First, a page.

Before I joined the Aspose Auckland team, I didn’t consider unit testing to be somewhat important or, furthermore, necessary for development. Indeed, the usefulness of unit tests is not too obvious at first glance, especially if the project is not so big. We have to write significant amounts of extra code thus expending extra time and efforts… are there any benefits actually?

Well, unit testing proved to be very important when developing projects consisting of more than several simple classes. Moreover, now I’m completely sure that the development of such complex projects as Aspose.Word is simply impossible without it. Rather, it’s still possible – but you should then forget about something called quality and get ready to the fact that adding some feature, even pretty small, may break existing code and you won’t notice it until customers start to complain. Also, get ready to lots of extra hours of working with the debugger, placing breakpoints here and there and watching variable values. And even after you seem to have fixed all reported bugs, no one still can guarantee that there is no real-world situation that would cause your code to fail. Definitely, such a product just cannot be proudly named the high-quality product.

Aspose.Word is a pretty complex project which contains numerous classes (its public API consists of over 100 classes – guess how many internal ones are inside?). All of them are related with each other in some way – so changing behaviour of one might implicitly affect others. That’s the main reason why unit tests are essential for Aspose.Word development. At the moment Aspose.Word includes about 1000 unit tests and their number grows permanently because we must write a test (or even a couple of tests, contained in a separate class) when we are going to add some new feature. That’s the Aspose Auckland Team’s rule. Yes, we should try to create a test before implementing a feature itself; we try to use test-first design approach whenever possible. This approach proved to be very useful since we make getting some results our aim – and only then, keeping in mind what exactly we want to get, we start writing code in order to reach the goals. We could even treat writing “main” code as process of tuning the project so that all the tests get passed – but we don’t do it since we are still programmers, not tuners :)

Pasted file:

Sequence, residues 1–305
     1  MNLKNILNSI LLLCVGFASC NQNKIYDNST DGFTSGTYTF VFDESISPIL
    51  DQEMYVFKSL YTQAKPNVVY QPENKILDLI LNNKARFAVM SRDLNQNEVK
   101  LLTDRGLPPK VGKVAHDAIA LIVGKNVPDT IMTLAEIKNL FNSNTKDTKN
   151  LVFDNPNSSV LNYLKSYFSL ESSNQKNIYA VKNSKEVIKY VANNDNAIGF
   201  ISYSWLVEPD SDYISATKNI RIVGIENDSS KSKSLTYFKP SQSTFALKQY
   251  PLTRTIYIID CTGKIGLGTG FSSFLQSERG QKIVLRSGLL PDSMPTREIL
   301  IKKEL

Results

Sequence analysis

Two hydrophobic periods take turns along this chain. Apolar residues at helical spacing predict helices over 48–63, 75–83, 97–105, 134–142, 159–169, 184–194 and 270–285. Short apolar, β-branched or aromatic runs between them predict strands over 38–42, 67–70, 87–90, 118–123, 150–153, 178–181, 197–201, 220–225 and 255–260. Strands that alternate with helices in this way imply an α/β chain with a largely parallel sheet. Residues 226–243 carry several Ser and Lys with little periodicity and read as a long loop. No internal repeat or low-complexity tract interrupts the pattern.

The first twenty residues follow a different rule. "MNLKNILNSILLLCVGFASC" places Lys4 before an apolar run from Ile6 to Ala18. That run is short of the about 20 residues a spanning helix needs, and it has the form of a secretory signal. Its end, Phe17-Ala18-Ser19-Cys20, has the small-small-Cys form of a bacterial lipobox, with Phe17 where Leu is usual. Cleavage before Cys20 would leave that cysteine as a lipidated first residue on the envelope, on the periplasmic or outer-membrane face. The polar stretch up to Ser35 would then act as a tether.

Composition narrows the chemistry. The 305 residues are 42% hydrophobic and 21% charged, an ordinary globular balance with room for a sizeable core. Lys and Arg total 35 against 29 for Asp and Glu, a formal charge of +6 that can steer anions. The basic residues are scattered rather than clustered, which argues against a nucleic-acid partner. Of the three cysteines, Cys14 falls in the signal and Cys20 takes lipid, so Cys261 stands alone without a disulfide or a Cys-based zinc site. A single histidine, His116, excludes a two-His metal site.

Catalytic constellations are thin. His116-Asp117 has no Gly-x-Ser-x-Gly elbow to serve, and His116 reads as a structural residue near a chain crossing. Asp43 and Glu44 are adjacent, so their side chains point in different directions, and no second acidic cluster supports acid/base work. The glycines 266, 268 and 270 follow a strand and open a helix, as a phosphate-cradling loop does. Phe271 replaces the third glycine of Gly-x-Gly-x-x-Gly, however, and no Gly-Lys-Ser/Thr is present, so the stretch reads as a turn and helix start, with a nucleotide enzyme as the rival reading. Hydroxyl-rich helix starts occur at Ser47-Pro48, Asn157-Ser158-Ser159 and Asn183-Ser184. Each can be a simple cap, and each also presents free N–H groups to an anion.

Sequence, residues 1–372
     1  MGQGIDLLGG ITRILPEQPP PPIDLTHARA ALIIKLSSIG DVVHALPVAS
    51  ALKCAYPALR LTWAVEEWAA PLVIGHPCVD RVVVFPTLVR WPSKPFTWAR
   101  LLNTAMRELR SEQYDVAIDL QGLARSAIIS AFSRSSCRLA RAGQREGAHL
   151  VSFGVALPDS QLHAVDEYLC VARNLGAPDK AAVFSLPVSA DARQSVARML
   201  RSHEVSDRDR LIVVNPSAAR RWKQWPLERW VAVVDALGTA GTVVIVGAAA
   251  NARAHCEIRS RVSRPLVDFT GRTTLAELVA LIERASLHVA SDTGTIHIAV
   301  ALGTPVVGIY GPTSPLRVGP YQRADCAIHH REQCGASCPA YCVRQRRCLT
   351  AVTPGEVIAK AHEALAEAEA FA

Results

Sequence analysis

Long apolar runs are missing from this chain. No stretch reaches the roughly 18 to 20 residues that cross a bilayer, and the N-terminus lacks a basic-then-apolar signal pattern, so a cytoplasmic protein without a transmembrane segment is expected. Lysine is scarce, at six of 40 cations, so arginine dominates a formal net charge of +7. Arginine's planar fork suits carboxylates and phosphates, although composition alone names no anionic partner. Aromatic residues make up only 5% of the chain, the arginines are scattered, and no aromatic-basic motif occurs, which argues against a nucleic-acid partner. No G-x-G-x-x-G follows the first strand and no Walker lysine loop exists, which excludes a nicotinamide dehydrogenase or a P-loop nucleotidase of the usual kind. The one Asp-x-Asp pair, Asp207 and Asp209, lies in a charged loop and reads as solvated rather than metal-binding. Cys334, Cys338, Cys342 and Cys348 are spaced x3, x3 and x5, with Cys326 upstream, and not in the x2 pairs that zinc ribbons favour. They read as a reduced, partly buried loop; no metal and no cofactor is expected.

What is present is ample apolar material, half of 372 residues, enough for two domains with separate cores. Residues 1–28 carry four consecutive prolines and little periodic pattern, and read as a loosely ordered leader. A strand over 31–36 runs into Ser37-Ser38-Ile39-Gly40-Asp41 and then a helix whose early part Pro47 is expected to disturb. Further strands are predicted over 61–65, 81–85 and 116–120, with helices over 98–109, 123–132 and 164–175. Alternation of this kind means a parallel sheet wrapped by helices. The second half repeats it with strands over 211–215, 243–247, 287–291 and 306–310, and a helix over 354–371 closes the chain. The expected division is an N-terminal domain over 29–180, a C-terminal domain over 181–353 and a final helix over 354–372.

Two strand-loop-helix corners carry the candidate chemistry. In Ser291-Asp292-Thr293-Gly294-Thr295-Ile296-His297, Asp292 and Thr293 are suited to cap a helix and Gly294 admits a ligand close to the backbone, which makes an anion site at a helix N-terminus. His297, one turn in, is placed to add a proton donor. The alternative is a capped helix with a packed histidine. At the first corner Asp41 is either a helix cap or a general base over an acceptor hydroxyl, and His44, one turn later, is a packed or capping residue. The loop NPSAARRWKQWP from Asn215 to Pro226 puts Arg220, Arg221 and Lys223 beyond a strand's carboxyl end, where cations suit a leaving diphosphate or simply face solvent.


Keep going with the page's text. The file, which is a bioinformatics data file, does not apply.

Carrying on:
Another strict rule we must follow is that we never check in our code until make sure all the tests (both existing and just added) are passed. Do you see the advantage? This guarantees that: 1) the newly added feature works 2) it hasn’t damaged existing code. Pretty easy, but very effective quality assurance. Breaking this rule may make Roman angry :)

One of the numerous Aspose.Word unit tests

/// Tests cells CSS attributes.
public void TestCellCss()
   mDoc = Open(“TestCellCss.html”);
   Save(“TestCellCss Out.doc”);

   NodeList rows = mDoc.SelectNodes(“//Row”);

   Cells cells = ((Row)rows[0]).Cells;

   Assert.AreEqual(Color.Red, cells[0].CellFormat.Borders[BorderType.Left].Color);
   Assert.AreEqual(Color.Yellow, cells[0].CellFormat.Borders[BorderType.Right].Color);
   Assert.AreEqual(Color.Green, cells[0].CellFormat.Borders[BorderType.Top].Color);
   Assert.AreEqual(Color.Black, cells[0].CellFormat.Borders[BorderType.Bottom].Color);

   Assert.AreEqual(LineStyle.Emboss3D, cells[0].CellFormat.Borders[BorderType.Left].LineStyle);
   Assert.AreEqual(LineStyle.Single, cells[0].CellFormat.Borders[BorderType.Right].LineStyle);
   Assert.AreEqual(LineStyle.DashSmallGap, cells[0].CellFormat.Borders[BorderType.Top].LineStyle);
   Assert.AreEqual(LineStyle.Emboss3D, cells[0].CellFormat.Borders[BorderType.Bottom].LineStyle);
   Assert.AreEqual(1, cells[0].CellFormat.Borders[BorderType.Left].LineWidth);
   Assert.AreEqual(2, cells[0].CellFormat.Borders[BorderType.Right].LineWidth);
   Assert.AreEqual(1, cells[0].CellFormat.Borders[BorderType.Top].LineWidth);
   Assert.AreEqual(2, cells[0].CellFormat.Borders[BorderType.Bottom].LineWidth);

   Assert.AreEqual(10, cells[1].CellFormat.LeftPadding);
   Assert.AreEqual(10, cells[1].CellFormat.RightPadding);
   Assert.AreEqual(5, cells[1].CellFormat.TopPadding);
   Assert.AreEqual(5, cells[1].CellFormat.BottomPadding);

   Assert.AreEqual(CellVerticalAlignment.Bottom, cells[2].CellFormat.VerticalAlignment);

Our tests are split by logical categories each of which contains a set of related classes, and each class, in turn, contains individual tests. The overwhelming majority of the tests is used for the purpose mentioned above – making sure that all the features of the product function properly and other developers may comfortably continue working on their parts of code. However, we successfully use unit tests to resolve other tasks. For example, we test code reported by the customers to reproduce issues; we simply create a new test based on the customer’s code snippet. In general, we use unit tests whenever it is necessary to run Aspose.Word code and see the results. Unit tests appear to be an excellent tool whose flexibility allows reproducing any real-world situation and check if Aspose.Word is able to stand it.

We use NUnit as the most popular unit testing framework for .NET. NUnit GUI is something like litmus paper of code quality – our goal is making it completely green so we could be sure that everything works :) Indeed, it is very convenient since Aspose.Word is a program component which does not provide graphical interface. In order to test it, we could write some testing application… or use that simple but really powerful framework.